WAKE UP AND SMELL THE COFFEE, IS YOUR CUP HALF FULL OR EMPTY: in which new acquaintances take on an impromptu teambuilding exercise

Day 4 aboard the Moonlit Glade. Less than a day out from Helmuth’s Sound. I write by moonlight. All is well, all is well. Unusually, the Moonlit Glade finds itself bearing different passengers than it left port with. This is who it carries now, as far as I can smell:

Captain – A bold man who knows the sea. Quite the alpha dog type.

Rain – Captain’s adult son. A busy fellow, and a good boy.

Cookie – The cook. Also known as Bear, and for good reason. (He is sometimes a bear)

Sure-ting – One of those slimy fellows whose constant efforts to gain favor and respect always seem to get him the opposite. He sure is a hard worker, though.

Lariat – He’s a zealous Firbolg, about my height, with a peculiar accent.

Igniel – He’s an oddly tan but typically brawny dwarf with a fiery temper.

Lorril – He’s a half-elf with a bow and a very nice cape. I may have offended him. [scrawled into the margin: “Learn gender features of half-elves (not physical?). shameful mistake”]

Druzh-Rajool – This is still me. All is well, all is well. A 7’6″ tall Loxodon.

Peebas – This one is a goblin we fished out of the sea yesterday. He has many things in his possession, none of which seem the least bit useful, but that he consistently finds applications for.

Ocelot – He’s a half-sized halfling who barely comes up to my knee. I’ve spent my fair share of time away from civilization, but I’m not sure he’s ever set foot in so much as a village.

2,000 lbs of Kuo-Toa remains – Formerly a buccaneering party ill-prepared for their hunt, who found their final purpose as a collaborative icebreaker for all aboard.

Meals thus far have been simple, decent fare prepared by Cookie. Sensing an artist at his craft in his domain, I did not contribute aid or advice, though his seasoning tended to be uncoordinated and incomplete. Supplied were limited, I suppose, and so rationing was careful. Most days we had stews, with each day’s flavor haunted by the dregs of the past. As are we all, I suppose. With both the merits and shortcomings of these preparations in mind, I’ve come up with a stew of my own that should be pleasing to a variety of palates. I hope he won’t be offended if I prepare just this one meal for us, as thanks for relatively safe passage to Helmuth’s Sound.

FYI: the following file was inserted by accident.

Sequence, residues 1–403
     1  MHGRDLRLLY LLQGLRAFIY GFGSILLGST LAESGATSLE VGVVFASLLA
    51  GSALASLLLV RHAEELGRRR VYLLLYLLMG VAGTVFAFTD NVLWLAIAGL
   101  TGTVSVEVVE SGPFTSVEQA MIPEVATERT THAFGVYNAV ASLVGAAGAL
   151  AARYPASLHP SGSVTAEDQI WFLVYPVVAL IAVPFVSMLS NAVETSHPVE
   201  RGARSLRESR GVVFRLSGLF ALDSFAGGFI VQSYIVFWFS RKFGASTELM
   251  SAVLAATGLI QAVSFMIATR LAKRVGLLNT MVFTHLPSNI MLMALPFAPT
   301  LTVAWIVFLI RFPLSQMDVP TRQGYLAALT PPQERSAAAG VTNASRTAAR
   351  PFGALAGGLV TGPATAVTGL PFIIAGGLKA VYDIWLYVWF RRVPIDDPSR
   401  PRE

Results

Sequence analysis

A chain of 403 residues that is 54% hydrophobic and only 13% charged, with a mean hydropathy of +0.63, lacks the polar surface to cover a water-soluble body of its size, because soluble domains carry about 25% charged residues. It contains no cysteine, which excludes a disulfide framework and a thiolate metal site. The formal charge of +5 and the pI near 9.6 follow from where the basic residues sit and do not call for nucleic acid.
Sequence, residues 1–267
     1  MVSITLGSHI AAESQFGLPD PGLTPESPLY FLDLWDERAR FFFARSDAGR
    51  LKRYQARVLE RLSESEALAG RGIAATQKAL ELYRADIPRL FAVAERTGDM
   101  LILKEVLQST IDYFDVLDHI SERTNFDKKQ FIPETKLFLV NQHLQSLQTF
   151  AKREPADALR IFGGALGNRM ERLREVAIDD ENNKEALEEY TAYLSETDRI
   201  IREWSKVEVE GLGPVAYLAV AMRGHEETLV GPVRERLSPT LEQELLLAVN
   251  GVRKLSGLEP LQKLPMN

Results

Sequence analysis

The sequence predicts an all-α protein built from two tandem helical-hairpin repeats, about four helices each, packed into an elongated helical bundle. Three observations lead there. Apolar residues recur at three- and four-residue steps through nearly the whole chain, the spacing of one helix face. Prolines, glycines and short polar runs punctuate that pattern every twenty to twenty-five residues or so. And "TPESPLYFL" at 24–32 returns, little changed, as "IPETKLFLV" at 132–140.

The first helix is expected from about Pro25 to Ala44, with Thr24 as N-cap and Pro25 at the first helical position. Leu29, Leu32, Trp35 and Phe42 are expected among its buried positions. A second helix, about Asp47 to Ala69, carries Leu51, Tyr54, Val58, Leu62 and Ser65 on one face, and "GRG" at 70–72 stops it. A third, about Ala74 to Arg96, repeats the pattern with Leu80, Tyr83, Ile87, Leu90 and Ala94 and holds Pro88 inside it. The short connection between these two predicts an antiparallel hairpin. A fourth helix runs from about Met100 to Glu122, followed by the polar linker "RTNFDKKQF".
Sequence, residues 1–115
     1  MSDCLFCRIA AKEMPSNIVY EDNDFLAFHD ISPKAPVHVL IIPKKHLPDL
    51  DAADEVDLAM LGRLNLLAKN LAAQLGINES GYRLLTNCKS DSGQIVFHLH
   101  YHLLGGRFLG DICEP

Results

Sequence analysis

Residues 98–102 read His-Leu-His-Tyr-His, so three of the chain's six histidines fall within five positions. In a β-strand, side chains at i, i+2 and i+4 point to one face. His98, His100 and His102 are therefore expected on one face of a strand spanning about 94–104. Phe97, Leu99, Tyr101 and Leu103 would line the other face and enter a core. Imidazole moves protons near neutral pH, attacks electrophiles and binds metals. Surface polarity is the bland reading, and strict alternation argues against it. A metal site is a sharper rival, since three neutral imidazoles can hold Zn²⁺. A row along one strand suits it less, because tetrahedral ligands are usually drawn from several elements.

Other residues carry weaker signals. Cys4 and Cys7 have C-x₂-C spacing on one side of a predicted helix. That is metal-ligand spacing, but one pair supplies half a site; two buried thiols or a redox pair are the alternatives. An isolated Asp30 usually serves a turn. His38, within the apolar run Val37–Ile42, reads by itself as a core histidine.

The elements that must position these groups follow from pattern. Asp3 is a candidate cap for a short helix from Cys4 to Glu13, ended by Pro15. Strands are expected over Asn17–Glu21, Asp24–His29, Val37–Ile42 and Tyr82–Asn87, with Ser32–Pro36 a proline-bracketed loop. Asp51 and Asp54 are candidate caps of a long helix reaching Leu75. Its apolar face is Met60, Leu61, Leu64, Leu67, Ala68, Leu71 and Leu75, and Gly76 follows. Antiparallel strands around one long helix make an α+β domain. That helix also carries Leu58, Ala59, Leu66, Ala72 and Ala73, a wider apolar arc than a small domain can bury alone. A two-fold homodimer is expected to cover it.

The featured ingredient, of course, is fresh Kuo-Toa meat. Cuts from those slaughtered quickly are preferable, as the flesh of the ones that died frightened tends to be tough and bitter. Of course, Lariat doesn’t eat meat, so I don’t begrudge him for striking the fear of his god into most of the better samples. [margin: “Scoop fish from vegetarian’s bowl before service”]. Potatoes make a fine addition to the stew, especially the smaller ones. Peebas was thoughtful enough to bring some along with him, though it might be hard to convince him to share them without steep payment in return. [margin: “Wash P’s potatoes thoroughly before peeling!!”] If available, a splash of garum at the end of cooking can bring the stew to extraplanar levels of flavor. My trunk suggests Ocelot may have happened upon an unprocessed barrel of the stuff, as he certainly bears the pungent odor of rotting salt fish.

A good host should cook a bit more than he needs, because you never know when someone might bring along a few friends. Igniel brought along a few, though they’re of the less-than-corporeal variety, and shouldn’t eat much. Even so, a hot bowl of extra broth provides a nice smell for any phantasmal guests to experience.

What follows is a recipe for a hearty, well-seasoned fish and potato stew, with details on substitutions if wide-eyed marauding fishfolk are not available in your local market.

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